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Environ Int. 2011 Jan;37(1):26-30. doi: 10.1016/j.envint.2010.06.008.

The impact of exposure to radio frequency electromagnetic fields on chronic well-being in young people--a cross-sectional study based on personal dosimetry.

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1
Unit for Occupational and Environmental Epidemiology & Net Teaching, Institute and Outpatient Clinic for Occupational, Social and Environmental Medicine, Hospital of the Ludwig-Maximilians-University, Munich, Germany. sabine.heinrich@med.lmu.de

Abstract

A possible influence of radio frequency electromagnetic field (RF EMF) exposure on health outcomes was investigated in various studies. The main problem of previous studies was exposure assessment. The aim of our study was the investigation of a possible association between RF EMF and chronic well-being in young persons using personal dosimetry. 3022 children and adolescents were randomly selected from the population registries of four Bavarian cities in Germany (participation 52%). Personal interview data on chronic symptoms, socio-demographic characteristics and potential confounders were collected. A 24-h radio frequency exposure profile was generated using a personal dosimeter. Exposure levels over waking hours were expressed as mean percentage of the International Commission on Non-Ionizing Radiation Protection (ICNIRP) reference level. Half of the children and nearly every adolescent owned a mobile phone which was used only for short durations per day. Measured exposure was far below the current ICNIRP reference levels. The most reported chronic symptom in children and adolescents was fatigue. No statistically significant association between measured exposure and chronic symptoms was observed. Our results do not indicate an association between measured exposure to RF EMF and chronic well-being in children and adolescents. Prospective studies investigating potential long-term effects of RF EMF are necessary to confirm our results.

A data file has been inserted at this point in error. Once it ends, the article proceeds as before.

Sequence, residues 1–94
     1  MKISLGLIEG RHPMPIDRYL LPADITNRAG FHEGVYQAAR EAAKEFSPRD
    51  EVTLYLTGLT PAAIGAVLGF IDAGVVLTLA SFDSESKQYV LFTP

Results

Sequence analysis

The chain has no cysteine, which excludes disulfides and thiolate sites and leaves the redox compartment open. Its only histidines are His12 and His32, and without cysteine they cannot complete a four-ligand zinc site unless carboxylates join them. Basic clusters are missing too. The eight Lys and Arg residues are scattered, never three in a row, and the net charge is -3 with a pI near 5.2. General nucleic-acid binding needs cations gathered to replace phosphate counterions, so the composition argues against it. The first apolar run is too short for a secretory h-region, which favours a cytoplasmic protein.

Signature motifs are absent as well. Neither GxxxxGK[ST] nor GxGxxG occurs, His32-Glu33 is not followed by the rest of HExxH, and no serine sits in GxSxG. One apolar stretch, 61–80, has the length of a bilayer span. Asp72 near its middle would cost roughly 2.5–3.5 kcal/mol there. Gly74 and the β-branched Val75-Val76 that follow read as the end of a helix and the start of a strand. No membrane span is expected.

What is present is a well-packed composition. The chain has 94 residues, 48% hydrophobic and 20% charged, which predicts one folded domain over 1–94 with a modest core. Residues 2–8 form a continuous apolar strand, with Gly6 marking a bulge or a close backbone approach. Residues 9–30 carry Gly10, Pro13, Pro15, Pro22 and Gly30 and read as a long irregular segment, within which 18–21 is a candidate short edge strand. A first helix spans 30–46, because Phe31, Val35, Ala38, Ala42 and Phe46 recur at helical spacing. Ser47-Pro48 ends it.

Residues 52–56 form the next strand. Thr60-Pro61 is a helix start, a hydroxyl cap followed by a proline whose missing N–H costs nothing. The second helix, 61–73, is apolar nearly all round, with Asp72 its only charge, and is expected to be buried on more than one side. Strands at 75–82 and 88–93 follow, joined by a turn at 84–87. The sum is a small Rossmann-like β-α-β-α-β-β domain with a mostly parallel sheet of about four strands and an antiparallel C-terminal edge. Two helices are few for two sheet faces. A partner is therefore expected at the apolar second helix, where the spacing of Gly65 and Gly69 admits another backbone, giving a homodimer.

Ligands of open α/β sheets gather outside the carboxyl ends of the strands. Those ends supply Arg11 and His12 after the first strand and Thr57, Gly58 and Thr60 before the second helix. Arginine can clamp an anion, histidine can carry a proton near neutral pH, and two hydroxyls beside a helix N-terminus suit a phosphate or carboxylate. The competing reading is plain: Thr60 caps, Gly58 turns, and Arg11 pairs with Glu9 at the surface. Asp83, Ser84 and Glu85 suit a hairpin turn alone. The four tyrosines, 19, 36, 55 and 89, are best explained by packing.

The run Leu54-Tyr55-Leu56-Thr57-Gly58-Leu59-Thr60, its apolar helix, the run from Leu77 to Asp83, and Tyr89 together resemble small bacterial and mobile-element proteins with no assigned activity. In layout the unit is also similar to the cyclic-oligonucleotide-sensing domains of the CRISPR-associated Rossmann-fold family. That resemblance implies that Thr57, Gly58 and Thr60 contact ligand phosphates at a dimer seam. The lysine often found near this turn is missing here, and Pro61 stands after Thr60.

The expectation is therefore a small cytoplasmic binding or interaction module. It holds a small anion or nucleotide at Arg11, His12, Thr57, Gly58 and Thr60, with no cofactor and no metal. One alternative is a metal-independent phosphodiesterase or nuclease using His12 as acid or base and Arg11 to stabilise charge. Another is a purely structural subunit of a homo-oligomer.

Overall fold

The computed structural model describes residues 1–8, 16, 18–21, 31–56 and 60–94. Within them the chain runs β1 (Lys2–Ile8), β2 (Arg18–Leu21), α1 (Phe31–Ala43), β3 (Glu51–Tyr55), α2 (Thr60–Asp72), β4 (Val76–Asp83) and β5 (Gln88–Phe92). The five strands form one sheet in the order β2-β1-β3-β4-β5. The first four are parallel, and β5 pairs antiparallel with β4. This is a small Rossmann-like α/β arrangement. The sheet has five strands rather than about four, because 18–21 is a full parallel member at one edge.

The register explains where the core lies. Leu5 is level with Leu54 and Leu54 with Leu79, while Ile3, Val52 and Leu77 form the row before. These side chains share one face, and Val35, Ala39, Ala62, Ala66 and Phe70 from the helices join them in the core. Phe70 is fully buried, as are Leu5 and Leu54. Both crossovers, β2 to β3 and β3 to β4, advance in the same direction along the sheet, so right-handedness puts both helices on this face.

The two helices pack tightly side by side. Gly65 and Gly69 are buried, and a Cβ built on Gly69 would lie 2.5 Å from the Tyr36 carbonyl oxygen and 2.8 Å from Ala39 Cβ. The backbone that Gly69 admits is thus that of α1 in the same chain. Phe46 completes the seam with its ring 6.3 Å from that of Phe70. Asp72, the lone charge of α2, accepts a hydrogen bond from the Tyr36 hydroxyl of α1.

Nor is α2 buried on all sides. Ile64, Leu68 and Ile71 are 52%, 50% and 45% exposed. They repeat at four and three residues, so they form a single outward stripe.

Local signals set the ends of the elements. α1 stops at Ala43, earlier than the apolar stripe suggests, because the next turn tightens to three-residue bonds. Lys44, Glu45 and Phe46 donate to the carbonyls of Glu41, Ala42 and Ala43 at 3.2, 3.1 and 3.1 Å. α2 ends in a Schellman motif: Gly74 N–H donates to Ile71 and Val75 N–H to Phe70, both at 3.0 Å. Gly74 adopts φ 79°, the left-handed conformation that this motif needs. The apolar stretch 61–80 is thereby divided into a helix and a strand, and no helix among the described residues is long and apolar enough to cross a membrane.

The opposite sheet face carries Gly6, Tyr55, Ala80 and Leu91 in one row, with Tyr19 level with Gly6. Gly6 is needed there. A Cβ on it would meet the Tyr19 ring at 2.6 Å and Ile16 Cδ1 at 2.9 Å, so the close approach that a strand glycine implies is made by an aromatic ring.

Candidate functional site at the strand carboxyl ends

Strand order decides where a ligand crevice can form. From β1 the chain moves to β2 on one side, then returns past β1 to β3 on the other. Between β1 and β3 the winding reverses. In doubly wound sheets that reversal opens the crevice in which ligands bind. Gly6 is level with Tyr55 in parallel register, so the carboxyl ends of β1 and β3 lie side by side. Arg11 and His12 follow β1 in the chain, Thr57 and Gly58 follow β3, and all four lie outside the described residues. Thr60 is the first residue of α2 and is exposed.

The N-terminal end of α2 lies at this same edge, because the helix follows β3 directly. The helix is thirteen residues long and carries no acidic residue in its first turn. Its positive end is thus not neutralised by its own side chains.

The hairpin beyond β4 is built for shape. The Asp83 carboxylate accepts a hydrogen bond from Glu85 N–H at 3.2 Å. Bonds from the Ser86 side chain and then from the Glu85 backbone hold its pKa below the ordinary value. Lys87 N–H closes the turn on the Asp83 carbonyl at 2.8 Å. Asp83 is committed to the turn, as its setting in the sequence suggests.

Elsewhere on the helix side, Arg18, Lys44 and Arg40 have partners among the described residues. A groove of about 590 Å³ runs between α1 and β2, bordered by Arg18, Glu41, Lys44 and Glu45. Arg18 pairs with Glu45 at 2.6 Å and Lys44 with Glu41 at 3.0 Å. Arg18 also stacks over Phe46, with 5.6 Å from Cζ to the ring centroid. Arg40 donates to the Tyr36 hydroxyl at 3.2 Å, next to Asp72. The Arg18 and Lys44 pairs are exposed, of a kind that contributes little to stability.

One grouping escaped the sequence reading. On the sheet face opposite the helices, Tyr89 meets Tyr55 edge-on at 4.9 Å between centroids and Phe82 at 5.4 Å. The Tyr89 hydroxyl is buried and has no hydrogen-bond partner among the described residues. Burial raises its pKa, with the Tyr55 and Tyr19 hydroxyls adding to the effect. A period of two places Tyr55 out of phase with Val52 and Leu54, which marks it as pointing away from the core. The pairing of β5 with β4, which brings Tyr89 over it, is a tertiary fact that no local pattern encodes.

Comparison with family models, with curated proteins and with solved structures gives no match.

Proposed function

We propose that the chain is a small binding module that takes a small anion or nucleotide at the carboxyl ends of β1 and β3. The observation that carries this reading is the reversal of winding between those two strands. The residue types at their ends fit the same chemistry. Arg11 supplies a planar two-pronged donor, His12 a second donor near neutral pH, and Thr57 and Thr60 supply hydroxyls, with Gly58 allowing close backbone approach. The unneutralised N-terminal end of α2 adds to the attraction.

PMID:
20619895
DOI:
10.1016/j.envint.2010.06.008
[Indexed for MEDLINE]
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